Arizona Border Recon
Project info

A few months ago - on a rare rainy Sunday afternoon in Los Angeles - I found myself couch-bound & idly flipping through Netflix when I stumbled upon the documentary, "Cartel Land." If you're not familiar, it tells the story of a few vigilante groups along the US/Mexico border who are currently at war with the cartels. I settled in & hit PLAY.

As I watched the documentary, old curiosities were reignited. I first heard of the existence of militias, citizen armies, and "patriot groups" back in 1994. They've been a fascination of mine ever since. Who are the people who join these groups? What is their motivation and what do they hope to accomplish? When I finished the documentary, these questions still remained and I realized I could find out for myself. So I reached out & made contact with Arizona Border Recon - one of the groups featured in the film.

After a series of emails, each making it further up their chain of command, access was finally granted and Neil & I were soon on our way to their forward operating base near Sasabe, AZ. Nine hours later, and nine more miles down a rambling & rutted desert dirt road, we pulled into camp. It was small, with only a few members holding it down and a couple others sleeping off their ops in nearby tents. Jann, the matriarch of the group, welcomed us warmly & introduced us to the few members milling about camp. The rest, she said, were out in the field, spread over miles of desert & holed up in hides you couldn't see if you were standing right on top of them. So, with their blessing & a fistful of GPS coordinates, out in the field we went.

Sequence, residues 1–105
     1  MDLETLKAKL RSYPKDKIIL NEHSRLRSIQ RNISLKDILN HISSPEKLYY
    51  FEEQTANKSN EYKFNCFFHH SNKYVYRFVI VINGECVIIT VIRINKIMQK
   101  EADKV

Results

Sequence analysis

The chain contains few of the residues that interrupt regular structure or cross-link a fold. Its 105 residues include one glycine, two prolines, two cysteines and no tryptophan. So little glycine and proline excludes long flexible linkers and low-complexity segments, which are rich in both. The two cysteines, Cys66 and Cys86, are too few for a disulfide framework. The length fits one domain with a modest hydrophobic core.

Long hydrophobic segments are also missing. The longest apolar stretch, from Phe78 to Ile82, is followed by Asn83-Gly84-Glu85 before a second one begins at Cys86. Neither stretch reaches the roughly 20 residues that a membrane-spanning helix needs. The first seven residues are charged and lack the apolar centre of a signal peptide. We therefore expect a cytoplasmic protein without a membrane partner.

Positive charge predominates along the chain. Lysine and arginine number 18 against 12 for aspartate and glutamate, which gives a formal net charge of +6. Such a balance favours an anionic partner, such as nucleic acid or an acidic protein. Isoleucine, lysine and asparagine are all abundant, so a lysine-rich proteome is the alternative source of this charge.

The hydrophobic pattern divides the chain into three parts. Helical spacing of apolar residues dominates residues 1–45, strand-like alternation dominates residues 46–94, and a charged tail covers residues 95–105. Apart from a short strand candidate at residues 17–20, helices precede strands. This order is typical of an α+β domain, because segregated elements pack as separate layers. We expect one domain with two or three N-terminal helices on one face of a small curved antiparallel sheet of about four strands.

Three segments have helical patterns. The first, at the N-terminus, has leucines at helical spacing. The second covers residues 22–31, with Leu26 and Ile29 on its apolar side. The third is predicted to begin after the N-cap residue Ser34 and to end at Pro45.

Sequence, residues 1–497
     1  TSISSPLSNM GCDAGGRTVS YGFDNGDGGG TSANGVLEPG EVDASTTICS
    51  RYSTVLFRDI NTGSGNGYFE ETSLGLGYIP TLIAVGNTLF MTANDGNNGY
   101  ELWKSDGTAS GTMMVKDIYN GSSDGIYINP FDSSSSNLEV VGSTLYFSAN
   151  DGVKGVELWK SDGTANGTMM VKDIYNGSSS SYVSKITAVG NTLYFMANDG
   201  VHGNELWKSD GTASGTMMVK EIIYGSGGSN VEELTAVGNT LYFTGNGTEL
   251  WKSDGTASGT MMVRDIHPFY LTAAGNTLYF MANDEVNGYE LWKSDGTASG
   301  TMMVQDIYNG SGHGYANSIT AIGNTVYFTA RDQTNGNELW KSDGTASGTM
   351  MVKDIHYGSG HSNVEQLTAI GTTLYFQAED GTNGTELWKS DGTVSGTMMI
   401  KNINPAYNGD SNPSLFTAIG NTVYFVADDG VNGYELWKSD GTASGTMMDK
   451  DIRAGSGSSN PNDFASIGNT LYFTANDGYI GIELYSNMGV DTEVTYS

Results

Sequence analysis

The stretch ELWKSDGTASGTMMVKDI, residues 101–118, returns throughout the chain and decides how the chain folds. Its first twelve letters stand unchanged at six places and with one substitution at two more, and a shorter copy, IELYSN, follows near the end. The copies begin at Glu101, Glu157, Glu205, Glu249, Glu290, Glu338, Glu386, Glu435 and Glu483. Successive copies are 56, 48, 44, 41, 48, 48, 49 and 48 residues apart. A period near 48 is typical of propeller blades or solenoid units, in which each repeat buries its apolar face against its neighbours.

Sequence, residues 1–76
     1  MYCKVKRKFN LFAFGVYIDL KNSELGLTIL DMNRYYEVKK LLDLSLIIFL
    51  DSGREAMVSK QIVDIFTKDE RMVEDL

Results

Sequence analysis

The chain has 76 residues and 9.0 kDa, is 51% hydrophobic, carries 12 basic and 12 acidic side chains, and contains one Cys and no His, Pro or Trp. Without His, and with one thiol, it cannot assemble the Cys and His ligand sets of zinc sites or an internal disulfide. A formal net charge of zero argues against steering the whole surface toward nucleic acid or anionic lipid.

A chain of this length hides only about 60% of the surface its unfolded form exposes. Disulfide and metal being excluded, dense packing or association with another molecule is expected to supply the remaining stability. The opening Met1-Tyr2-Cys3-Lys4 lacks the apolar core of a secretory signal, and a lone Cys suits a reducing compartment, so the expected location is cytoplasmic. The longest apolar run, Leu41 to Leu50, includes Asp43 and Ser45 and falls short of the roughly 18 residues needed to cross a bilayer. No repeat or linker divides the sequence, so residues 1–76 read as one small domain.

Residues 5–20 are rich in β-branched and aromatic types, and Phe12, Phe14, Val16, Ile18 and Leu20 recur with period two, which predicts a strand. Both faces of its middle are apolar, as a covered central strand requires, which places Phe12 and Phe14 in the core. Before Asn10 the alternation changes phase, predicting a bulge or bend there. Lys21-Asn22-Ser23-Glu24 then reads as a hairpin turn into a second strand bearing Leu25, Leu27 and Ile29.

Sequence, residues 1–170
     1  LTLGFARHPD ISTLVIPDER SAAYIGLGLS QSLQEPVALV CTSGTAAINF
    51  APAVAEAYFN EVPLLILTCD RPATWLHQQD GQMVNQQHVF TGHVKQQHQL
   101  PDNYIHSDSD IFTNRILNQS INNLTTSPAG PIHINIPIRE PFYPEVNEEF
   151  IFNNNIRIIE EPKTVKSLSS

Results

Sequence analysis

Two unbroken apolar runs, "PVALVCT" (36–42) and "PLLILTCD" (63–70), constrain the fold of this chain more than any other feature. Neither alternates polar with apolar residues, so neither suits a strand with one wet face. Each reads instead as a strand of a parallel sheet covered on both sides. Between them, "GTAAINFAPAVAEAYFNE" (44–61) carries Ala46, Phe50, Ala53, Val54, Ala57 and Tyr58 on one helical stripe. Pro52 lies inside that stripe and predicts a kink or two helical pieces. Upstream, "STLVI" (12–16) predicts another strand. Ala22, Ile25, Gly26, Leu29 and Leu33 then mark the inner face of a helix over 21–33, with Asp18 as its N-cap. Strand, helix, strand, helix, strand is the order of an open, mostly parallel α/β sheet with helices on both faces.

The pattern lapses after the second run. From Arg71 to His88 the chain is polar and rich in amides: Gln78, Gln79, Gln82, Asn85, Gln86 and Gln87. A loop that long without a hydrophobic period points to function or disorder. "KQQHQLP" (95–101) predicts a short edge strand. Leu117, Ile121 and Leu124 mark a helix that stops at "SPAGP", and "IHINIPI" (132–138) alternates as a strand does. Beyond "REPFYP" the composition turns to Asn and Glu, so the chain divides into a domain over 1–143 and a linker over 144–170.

The portraits that follow are a study of the members of AZBR - all shot on location during their most recent operation. We make no judgement on whether what they're doing is right or wrong, good or bad. Our only agenda for the project was to show each member's own personal truth. Some feel they're heroes, some are more humble. Some miss the camaraderie of the military, while others long to satisfy the sense of duty they felt when they served. Some lost family to drugs or drug-related violence, and others are angry about lost jobs. Some want to "protect the 'Merican way of life," while others are more thoughtful. They all welcomed us with open arms and, for that, we are grateful.